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Randomized Controlled Trial
, 108 (7), 3017-22

Exercise Training Increases Size of Hippocampus and Improves Memory

Affiliations
Randomized Controlled Trial

Exercise Training Increases Size of Hippocampus and Improves Memory

Kirk I Erickson et al. Proc Natl Acad Sci U S A.

Abstract

The hippocampus shrinks in late adulthood, leading to impaired memory and increased risk for dementia. Hippocampal and medial temporal lobe volumes are larger in higher-fit adults, and physical activity training increases hippocampal perfusion, but the extent to which aerobic exercise training can modify hippocampal volume in late adulthood remains unknown. Here we show, in a randomized controlled trial with 120 older adults, that aerobic exercise training increases the size of the anterior hippocampus, leading to improvements in spatial memory. Exercise training increased hippocampal volume by 2%, effectively reversing age-related loss in volume by 1 to 2 y. We also demonstrate that increased hippocampal volume is associated with greater serum levels of BDNF, a mediator of neurogenesis in the dentate gyrus. Hippocampal volume declined in the control group, but higher preintervention fitness partially attenuated the decline, suggesting that fitness protects against volume loss. Caudate nucleus and thalamus volumes were unaffected by the intervention. These theoretically important findings indicate that aerobic exercise training is effective at reversing hippocampal volume loss in late adulthood, which is accompanied by improved memory function.

Conflict of interest statement

The authors declare no conflict of interest.

Figures

Fig. 1.
Fig. 1.
(A) Example of hippocampus segmentation and graphs demonstrating an increase in hippocampus volume for the aerobic exercise group and a decrease in volume for the stretching control group. The Time × Group interaction was significant (P < 0.001) for both left and right regions. (B) Example of caudate nucleus segmentation and graphs demonstrating the changes in volume for both groups. Although the exercise group showed an attenuation of decline, this did not reach significance (both P > 0.10). (C) Example of thalamus segmentation and graph demonstrating the change in volume for both groups. None of the changes were significant for the thalamus. Error bars represent SEM.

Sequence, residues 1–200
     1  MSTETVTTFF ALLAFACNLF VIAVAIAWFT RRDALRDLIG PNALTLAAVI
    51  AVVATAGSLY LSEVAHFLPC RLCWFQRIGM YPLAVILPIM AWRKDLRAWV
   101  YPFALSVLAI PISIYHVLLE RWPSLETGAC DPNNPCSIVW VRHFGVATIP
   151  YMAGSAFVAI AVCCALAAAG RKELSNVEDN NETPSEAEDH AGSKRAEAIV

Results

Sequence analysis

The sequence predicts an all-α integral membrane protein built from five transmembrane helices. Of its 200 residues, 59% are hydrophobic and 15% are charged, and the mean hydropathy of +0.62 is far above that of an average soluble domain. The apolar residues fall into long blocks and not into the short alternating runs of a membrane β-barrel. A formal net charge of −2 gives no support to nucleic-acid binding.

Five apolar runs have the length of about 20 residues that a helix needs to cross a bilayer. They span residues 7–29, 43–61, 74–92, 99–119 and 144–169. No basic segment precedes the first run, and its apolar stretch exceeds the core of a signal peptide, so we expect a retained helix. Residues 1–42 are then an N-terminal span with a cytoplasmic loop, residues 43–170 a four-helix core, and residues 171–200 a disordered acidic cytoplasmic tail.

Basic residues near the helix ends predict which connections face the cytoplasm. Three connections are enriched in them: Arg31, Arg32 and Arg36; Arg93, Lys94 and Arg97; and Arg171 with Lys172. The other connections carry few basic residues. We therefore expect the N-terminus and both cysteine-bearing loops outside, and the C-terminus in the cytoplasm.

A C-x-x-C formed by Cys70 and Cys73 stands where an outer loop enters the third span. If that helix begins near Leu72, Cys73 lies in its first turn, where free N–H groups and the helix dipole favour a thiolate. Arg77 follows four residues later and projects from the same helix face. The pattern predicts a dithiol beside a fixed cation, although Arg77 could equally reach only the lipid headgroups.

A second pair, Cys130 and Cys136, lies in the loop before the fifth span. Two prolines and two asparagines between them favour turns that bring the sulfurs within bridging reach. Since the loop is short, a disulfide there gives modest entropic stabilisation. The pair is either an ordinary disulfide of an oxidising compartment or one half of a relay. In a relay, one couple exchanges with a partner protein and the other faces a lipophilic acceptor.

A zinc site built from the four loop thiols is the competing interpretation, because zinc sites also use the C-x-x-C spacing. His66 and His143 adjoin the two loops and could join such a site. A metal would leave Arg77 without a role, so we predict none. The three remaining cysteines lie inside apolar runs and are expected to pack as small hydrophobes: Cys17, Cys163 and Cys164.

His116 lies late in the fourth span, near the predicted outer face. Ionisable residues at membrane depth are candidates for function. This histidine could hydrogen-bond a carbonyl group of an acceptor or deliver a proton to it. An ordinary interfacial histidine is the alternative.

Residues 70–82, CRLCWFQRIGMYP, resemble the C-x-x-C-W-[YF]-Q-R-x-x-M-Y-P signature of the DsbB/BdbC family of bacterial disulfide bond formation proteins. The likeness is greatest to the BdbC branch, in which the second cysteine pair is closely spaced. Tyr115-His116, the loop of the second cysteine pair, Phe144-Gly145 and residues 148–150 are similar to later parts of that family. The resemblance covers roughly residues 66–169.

Fig. 2.
Fig. 2.
The exercise group showed a selective increase in the anterior hippocampus and no change in the posterior hippocampus. See Table 2 for Means and SDs.
Fig. 3.
Fig. 3.
All scatterplots are of the aerobic exercise group only because it was the only group that showed an increase in volume across the intervention. (A and B) Scatterplots of the association between percent change in left and right hippocampus volume and percent change in aerobic fitness level from baseline to after intervention. (C and D) Scatterplots of percent change in left and right hippocampus volume and percent change in BDNF levels. (E and F) Scatterplots of percent change in left and right hippocampus and percent change in memory performance.
Fig. 4.
Fig. 4.
Flow diagram for the randomization and assessment sessions for both exercise and stretching control groups.
Fig. 5.
Fig. 5.
Display of the spatial memory task used in this study. The spatial memory task load was parametrically manipulated between one, two, or three items (two-item condition shown here). Participants were asked to remember the locations of one, two, or three black dots. After a brief delay, a red dot appeared, and participants were asked to respond whether the location of the red dot matched or did not match one of the locations of the previously shown black dots. This task was administered to all participants at baseline, after 6 mo, and again after completion of the intervention.

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